Hidden from view by ice kilometres thick, there is a vast network of lakes and streams under the Antarctic ice sheet. Using a decade of altimetry data from European Space Agency’s (ESA) CryoSat satellite, researchers at the University of Edinburgh, including a scientist with the PROPHET project of the International Thwaites Glacier Collaboration (ITGC), have made an unexpected discovery about how lakes beneath Thwaites Glacier drain and recharge in quick succession.

Meltwater beneath the ice arises from frictional heating as the ice flows over the bedrock, as well as from geothermal heat coming from below the bedrock. Measurements of geothermal heat flux beneath the ice are particularly difficult to obtain and there are large differences between the various recent estimates. It is important that our knowledge of the distribution of meltwater and the geothermal heat flux is improved because both factors influence the speed the ice flows into the ocean.

While subglacial meltwater is hidden from view by kilometres-thick ice, its movement beneath the ice causes tiny movements on the surface of the ice, which, remarkably, can be detected and monitored from space.

A study published in the journal Geophysical Research Letters in December 2020 describes how a decade of radar altimetry observations have revealed a network of four subglacial lakes under Thwaites Glacier, which drained and recharged in two events observed within that time period. By comparing the rates to modelled estimates, the team found that previous models underestimated the rate of basal melting by 150%. This finding will help glaciologists reassess models and improve predictions of how the ice sheet might behave in the future.

Video file
Data from ESA's CryoSat satellite were used to study the behavior of four subglacial lakes under Thwaites Glacier, shown in this animation from the team's research, providing new insights into the speed at which basal melting occurs in West Antarctica. 


At around 120 km wide, Thwaites Glacier is one of the largest glaciers on Earth and one of the most fragile in Antarctica. It is the focus of much international research through the International Thwaites Glacier Collaboration (ITGC), funded jointly by the UK National Environment Research Council (NERC) and US National Science Foundation (NSF), and ESA’s 4D Antarctica project.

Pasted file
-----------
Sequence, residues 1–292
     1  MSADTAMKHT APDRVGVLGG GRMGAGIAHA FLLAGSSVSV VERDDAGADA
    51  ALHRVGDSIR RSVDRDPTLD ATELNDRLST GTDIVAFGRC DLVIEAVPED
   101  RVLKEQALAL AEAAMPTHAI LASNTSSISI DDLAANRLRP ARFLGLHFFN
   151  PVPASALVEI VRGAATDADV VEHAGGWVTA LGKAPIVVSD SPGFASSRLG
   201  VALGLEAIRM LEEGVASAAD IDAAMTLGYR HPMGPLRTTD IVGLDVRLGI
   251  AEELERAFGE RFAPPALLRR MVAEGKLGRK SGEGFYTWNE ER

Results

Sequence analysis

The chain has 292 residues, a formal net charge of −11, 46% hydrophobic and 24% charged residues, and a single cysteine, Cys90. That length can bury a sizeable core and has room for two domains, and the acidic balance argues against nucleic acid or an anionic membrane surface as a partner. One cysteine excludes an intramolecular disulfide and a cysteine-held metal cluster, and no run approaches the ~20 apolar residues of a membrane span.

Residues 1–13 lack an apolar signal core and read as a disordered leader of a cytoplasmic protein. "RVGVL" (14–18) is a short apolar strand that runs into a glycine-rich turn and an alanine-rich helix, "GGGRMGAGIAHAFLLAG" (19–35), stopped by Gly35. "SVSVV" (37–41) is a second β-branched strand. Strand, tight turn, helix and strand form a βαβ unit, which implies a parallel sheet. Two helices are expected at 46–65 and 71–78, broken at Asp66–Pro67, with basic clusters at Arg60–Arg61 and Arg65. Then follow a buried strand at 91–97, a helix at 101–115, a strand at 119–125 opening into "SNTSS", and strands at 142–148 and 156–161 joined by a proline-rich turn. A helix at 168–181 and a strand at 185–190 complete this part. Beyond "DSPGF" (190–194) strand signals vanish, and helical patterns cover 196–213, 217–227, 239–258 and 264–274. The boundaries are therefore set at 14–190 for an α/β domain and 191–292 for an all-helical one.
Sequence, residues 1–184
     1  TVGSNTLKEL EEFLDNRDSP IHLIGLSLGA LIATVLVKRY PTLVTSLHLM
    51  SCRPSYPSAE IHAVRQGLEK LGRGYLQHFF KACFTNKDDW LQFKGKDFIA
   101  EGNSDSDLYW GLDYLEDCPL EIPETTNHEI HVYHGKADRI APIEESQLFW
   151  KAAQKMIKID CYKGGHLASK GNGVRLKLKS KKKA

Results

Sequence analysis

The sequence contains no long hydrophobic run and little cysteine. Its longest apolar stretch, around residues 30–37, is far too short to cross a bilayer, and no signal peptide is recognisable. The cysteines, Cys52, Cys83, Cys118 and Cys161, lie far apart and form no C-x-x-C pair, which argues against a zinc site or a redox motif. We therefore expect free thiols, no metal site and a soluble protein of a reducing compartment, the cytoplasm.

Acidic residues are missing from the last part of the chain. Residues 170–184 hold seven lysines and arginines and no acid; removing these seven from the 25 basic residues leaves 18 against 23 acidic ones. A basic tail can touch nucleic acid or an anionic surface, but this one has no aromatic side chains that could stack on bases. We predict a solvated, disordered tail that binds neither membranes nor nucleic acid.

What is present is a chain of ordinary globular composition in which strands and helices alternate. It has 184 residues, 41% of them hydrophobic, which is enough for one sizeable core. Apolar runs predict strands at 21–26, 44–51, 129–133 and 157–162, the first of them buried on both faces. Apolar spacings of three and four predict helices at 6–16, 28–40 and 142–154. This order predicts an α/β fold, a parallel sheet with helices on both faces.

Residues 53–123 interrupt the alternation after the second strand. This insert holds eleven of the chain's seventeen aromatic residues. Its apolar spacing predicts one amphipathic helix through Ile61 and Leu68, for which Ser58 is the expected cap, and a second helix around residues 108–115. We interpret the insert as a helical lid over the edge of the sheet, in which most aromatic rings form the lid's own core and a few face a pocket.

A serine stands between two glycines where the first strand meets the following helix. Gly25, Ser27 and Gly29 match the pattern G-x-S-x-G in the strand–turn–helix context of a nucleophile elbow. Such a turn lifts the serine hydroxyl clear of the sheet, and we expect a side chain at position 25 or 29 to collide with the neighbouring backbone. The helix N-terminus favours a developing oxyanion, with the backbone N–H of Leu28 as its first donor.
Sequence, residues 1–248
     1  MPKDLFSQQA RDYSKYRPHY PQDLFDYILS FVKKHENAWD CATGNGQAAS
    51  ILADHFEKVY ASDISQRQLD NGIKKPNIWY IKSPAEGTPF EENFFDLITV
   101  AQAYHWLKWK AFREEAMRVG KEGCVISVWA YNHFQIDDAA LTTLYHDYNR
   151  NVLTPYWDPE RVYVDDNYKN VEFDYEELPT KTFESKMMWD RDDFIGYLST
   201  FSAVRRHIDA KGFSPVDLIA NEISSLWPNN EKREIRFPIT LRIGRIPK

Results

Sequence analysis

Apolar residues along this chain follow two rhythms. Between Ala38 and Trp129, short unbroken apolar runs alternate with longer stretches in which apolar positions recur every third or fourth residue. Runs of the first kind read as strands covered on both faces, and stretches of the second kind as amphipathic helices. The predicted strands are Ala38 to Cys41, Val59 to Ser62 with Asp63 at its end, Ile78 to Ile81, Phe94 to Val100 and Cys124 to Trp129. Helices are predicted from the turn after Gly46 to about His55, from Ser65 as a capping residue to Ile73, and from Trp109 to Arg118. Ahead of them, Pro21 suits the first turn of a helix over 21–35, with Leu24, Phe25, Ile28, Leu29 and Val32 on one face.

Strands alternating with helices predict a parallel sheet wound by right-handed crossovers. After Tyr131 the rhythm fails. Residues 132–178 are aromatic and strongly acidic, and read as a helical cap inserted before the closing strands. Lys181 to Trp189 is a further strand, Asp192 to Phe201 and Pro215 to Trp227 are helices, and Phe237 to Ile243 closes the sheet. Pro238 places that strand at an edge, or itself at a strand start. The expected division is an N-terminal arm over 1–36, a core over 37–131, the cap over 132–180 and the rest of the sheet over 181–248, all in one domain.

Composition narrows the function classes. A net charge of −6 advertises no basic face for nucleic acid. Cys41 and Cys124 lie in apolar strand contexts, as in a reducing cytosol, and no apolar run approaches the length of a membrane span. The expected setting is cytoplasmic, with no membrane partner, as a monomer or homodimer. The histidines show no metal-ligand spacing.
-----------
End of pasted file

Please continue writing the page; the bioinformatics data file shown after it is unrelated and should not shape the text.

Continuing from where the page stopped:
ESA’s Diego Fernandez, head of the Earth Observation Science Section and overseeing the 4D Antarctica project, said, “The project draws together several years of research from different teams to form a new comprehensive assessment of Antarctic ice-sheet hydrological processes – from the lithosphere and subglacial environment to surface-melting process.”

Experts analyzed more than 10 years’ worth of altimetry data from ESA’s CryoSat satellite and were surprised to discover that the lakes beneath Thwaites Glacier, the largest of which is over 40 km long, drained and recharged again in quick succession, in 2013 and then in 2017.

This kind of drainage under Thwaites Glacier has not previously been recorded. The peak drainage was estimated at about 500 cubic metres a second – around eight times greater than the average discharge of River Thames in England into the North Sea.

George Malczyk, lead author at the School of GeoSciences at the University of Edinburgh in the UK, said, “We used CryoSat to show a period of lake activity only four years after the previous drainage event in 2013.

“But what is interesting about this second drainage event is how different it is from the first, with a faster transfer of water and increased water discharge. Our observations highlight that there were potentially significant modifications to the subglacial system between these two events.”

The relatively short time it took to recharge the lakes between the two drainage events gives scientists an unprecedented estimate of the rate of melting at the base of the glacier. Linking these observations with basal meltwater flowing into the lake through a network of basal channels resulted in an estimate of the rate of melting at the base of the ice sheet. By comparing these rates to modelled estimates, the team found that previous models underestimated basal melting under this region of Thwaites Glacier by nearly 150%. These findings will help to assess and constrain models and will, in turn, improve our understanding of the ice sheet, and the future of Thwaites Glacier.

Co-author Dr Noel Gourmelen, Reader from the University of Edinburgh and a researcher with the International Thwaites Glacier Collaboration's PROPHET project, said, “What takes place under the ice sheet is critical to how it responds to changes in the atmosphere and ocean around Antarctica, and yet it is hidden from view by kilometres of ice which makes it very difficult to observe.

“This movement of water gives us a glimpse of where the water is and how much and how fast it moves across the system. Together this is key information about the nature of the subglacial environment and the processes of the hydrological network under the ice sheet. These findings provide key information that may help us project how the ice sheet adds to sea level as it responds to climate change."

The paper, published in Geophysical Research Letters, was funded by the European Space Agency’s project 4DAntarctica, and by the PROPHET project, a component of the International Thwaites Glacier Collaboration (ITGC) supported by the US National Science Foundation and the UK Natural Environment Research Council.

Thwaites Glacier as seen from Copernicus Sentinel-2 on 26 Nov 2020
Thwaites Glacier as viewed from the Copernicus Sentinel-2 satellite instrument on 26 Nov 2020. Broken icebergs from the glacier dot the scene in the top half of the image.